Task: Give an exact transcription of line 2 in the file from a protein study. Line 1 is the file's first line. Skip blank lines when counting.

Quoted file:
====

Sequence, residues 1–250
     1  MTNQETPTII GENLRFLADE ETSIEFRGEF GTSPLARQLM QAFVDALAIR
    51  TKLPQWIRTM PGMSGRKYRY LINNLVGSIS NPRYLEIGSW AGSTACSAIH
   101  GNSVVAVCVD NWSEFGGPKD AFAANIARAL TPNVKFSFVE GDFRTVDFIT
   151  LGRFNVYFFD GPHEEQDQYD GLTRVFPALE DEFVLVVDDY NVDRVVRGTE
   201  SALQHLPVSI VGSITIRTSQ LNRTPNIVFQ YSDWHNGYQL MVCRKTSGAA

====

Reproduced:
     1  MTNQETPTII GENLRFLADE ETSIEFRGEF GTSPLARQLM QAFVDALAIR